It is possible that my love for Bruce is enhanced by the fact that I am sometimes grumpy (especially when someone is keeping me from getting my sleep). Nevertheless, I predict that Santa Bruce is going to be one of my family's favorite reads over the coming Christmas holiday. I think that any family in which Bruce is already a favorite (and where Christmas is celebrated) will want to add Santa Bruce to family holiday reading. Libraries will certainly want to add this one to their shelves. 

1GrumpyBruceOh, and if you are looking to introduce a younger child to Bruce, I also recommend the new board book: 1 Grumpy Bruce: A Counting Book. Each page spread features a count of something, from "2 uninvited skunks" (scent wafting from their tails) to "9 porcupines wanting hugs" to "10 woodchucks chucking wood".  Of course we end with "still 1 grumpy bear." The board book features simpler illustrations, but totally captures Bruce's grumpiness and Higgin's keen sense of absurdity. It is well worth a look! 

You don't necessarily need to have read Hotel Bruce and Bruce's Big Move (which I actually haven't read) to appreciate Santa Bruce, but I would recommend reading the first book, Mother Bruce, for context. I highly recommend both Santa Bruce and 1 Grumpy Bruce for families and libraries everywhere. 

Publisher: Disney-Hyperion 
Publication Date: September 4, 2018
Source of Book: Review copy from the publisher

© 2018 by Jennifer Robinson of Jen Robinson's Book Page. All rights reserved. You can also follow me @JensBookPage or at my Growing Bookworms page on Facebook. This site is an Amazon affiliate, and purchases made through affiliate links (including linked book covers) may result in my receiving a small commission (at no additional cost to you).

Literacy Milestone: An Appreciation for Biographies

LiteracyMilestoneAI've mentioned previously that my daughter's third grade teacher has been encouraging the students to read nonfiction (driven by common core, I suppose). My graphic novel-obsessed daughter had never previously displayed much interested in nonfiction. But she adores and wants to please her teacher, so she started picking up these little Who Is / Who Was biographies from the school library. The other day she remarked: "I never knew biographies could be so interesting." And so she is hooked (not to rival graphic novels, but she's reading multiple biographies each week). 

WhoWasAnneFrankShe mostly chooses biographies of women. She's read about Jane Goodall, Anne Frank, Marie Curie, Laura Ingalls Wilder, and J. K. Rowling, as well as Walt Disney and Dr. Seuss and a few others that I am probably forgetting. She periodically chimes in with facts about one or another of these figures. She was particularly fascinated by Anne Frank, and has been talking about her quite a bit. 

As for me, I'm happy to know that there are lots of books remaining in the Who Was/Who Is series, and that quite a few of those are about women. We do also have some nonfiction in graphic novel format, and have been reading a couple of fact-filled  Magic School Bus books each week. But it is biographies that are capturing her attention at this step along her pathway to literacy. It's fun seeing her develop as a learner and a reader.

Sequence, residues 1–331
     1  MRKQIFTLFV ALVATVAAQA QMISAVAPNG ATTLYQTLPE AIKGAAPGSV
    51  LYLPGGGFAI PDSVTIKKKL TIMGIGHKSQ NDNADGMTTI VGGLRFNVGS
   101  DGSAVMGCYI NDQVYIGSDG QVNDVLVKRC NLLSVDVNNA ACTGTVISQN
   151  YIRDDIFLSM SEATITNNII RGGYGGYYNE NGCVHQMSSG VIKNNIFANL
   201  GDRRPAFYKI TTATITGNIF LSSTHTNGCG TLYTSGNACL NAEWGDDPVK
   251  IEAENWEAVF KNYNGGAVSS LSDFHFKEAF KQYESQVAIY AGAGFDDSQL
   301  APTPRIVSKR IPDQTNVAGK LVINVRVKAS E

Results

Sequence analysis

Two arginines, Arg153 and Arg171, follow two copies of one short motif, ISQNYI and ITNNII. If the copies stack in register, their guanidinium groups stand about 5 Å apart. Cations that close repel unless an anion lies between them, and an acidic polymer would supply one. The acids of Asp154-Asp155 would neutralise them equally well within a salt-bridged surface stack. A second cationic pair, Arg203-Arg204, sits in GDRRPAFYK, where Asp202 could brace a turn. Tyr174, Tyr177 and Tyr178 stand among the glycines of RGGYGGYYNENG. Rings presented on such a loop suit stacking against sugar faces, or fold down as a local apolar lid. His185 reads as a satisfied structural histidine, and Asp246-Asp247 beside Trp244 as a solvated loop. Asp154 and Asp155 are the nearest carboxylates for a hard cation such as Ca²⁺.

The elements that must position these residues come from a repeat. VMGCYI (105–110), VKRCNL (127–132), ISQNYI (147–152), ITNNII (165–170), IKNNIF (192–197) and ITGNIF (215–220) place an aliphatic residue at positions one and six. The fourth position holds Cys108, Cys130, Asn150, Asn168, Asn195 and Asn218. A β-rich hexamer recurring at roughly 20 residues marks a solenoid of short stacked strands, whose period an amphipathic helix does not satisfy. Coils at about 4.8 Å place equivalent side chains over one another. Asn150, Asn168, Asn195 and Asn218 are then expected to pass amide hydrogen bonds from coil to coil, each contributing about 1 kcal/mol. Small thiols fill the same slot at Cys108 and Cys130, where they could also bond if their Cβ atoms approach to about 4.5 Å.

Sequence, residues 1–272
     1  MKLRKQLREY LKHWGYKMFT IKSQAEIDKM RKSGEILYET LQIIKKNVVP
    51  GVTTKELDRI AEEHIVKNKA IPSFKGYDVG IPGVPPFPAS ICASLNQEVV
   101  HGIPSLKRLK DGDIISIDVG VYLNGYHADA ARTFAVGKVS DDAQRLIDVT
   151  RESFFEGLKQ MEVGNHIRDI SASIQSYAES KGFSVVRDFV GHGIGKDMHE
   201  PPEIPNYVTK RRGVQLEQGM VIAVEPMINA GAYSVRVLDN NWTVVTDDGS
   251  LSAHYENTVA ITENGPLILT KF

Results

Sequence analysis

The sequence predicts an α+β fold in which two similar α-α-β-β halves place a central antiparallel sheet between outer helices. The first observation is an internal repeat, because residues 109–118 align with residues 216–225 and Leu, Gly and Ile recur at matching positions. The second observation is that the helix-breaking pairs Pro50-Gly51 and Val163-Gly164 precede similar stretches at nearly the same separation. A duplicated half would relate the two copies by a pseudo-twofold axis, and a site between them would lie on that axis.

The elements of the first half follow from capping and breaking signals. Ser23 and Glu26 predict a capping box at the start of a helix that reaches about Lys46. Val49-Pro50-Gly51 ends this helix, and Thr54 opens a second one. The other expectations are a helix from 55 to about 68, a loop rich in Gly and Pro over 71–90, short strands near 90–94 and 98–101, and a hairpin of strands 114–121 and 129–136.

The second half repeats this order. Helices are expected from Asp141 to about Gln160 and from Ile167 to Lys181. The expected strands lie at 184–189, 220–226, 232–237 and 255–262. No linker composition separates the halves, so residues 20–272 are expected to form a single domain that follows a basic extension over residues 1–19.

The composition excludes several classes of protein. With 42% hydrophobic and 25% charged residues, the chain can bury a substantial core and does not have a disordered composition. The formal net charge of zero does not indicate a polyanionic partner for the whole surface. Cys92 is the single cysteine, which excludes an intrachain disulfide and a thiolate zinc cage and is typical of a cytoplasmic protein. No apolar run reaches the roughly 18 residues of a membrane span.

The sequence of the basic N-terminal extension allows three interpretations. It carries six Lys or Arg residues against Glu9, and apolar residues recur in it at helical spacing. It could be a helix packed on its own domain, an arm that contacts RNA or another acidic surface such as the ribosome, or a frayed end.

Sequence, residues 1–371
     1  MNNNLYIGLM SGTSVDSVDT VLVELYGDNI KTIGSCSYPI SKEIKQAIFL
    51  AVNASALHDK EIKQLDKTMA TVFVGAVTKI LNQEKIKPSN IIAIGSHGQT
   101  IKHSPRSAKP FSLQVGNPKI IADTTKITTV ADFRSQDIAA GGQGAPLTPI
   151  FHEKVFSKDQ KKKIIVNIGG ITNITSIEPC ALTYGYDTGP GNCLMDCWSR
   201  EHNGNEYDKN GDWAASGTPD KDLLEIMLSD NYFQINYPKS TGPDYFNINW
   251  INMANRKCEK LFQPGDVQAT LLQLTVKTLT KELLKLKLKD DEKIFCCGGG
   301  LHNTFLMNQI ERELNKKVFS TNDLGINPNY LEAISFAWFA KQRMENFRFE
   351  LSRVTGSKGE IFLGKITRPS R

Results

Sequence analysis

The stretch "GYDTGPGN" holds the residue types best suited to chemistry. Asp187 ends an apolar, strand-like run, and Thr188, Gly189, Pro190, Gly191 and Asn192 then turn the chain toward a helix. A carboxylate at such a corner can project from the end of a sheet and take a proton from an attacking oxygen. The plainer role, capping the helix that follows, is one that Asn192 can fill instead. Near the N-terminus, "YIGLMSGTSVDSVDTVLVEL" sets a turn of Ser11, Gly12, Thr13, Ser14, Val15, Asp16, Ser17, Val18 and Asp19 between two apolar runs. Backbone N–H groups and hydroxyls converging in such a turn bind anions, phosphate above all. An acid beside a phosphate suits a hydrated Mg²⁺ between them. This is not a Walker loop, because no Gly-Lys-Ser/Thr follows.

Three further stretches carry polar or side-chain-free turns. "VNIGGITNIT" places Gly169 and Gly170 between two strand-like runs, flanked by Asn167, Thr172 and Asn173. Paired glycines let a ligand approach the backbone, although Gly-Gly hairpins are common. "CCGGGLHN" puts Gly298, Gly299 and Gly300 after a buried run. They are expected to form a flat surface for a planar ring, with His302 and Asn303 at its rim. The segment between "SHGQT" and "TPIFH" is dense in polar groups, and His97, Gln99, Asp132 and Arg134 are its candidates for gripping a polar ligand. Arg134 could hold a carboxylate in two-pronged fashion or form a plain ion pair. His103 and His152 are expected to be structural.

Did your kids have a biography phase? 

© 2018 by Jennifer Robinson of Jen Robinson's Book Page. All rights reserved. You can also follow me @JensBookPage or at my Growing Bookworms page on Facebook

Links I Shared on Twitter this Week: November 2: #ReadingAloud, #Kindness, #IntrinsicMotivation + #Reading Instruction

TwitterLinksHere are highlights from the links that I shared on Twitter this week @JensBookPage. Topics this fairly busy week include #BookLists, #Giftedness, #GrowingBookworms, #IntrinsicMotivation, #KidLitCon, #Literacy, #LoveOfReading, #ReadAloud, #rewards, #ScreenTime, #testing, #vaccines, bullying, reading #Phonics, schools, spelling, and writing.

Top Tweets of the Week

HeyKiddoWhat’s appropriate for kids to read? There’s value in exposing them to the tough stuff, says | I will want my daughter to read when she's 12 or so (though not quite yet)

The Importance of to Kids: or, Do Kids Grow Out of Read-Aloud Time? No, says mom | "the most important value that reading aloud offers is its connection"

Book Lists

: What Would You Include If Someone Asked for a Quick List of Recent Titles Starring Black Kids? — has suggestions in various genres

TenNineEightBest + to Give as Gifts That Kids Don't Already Have, according to

RA RA Read: for the absolute beginner, resource list from organizer Jennifer Wharton

Seven Scary Books, Perfect October from

Educational Equity + Screen Time

Offline and Underserved: New Study Shows Most Affects Already Likely to Fall Behind | |

This is exactly what I would have expected - it takes a lot of bandwidth to keep your kids off of screens. RT: @Jean_Twenge The new digital divide: The most vulnerable kids are spending more time with screens.


Is my Child ? You'll need more than test results to tell. shares 10 things can teach about

Growing Bookworms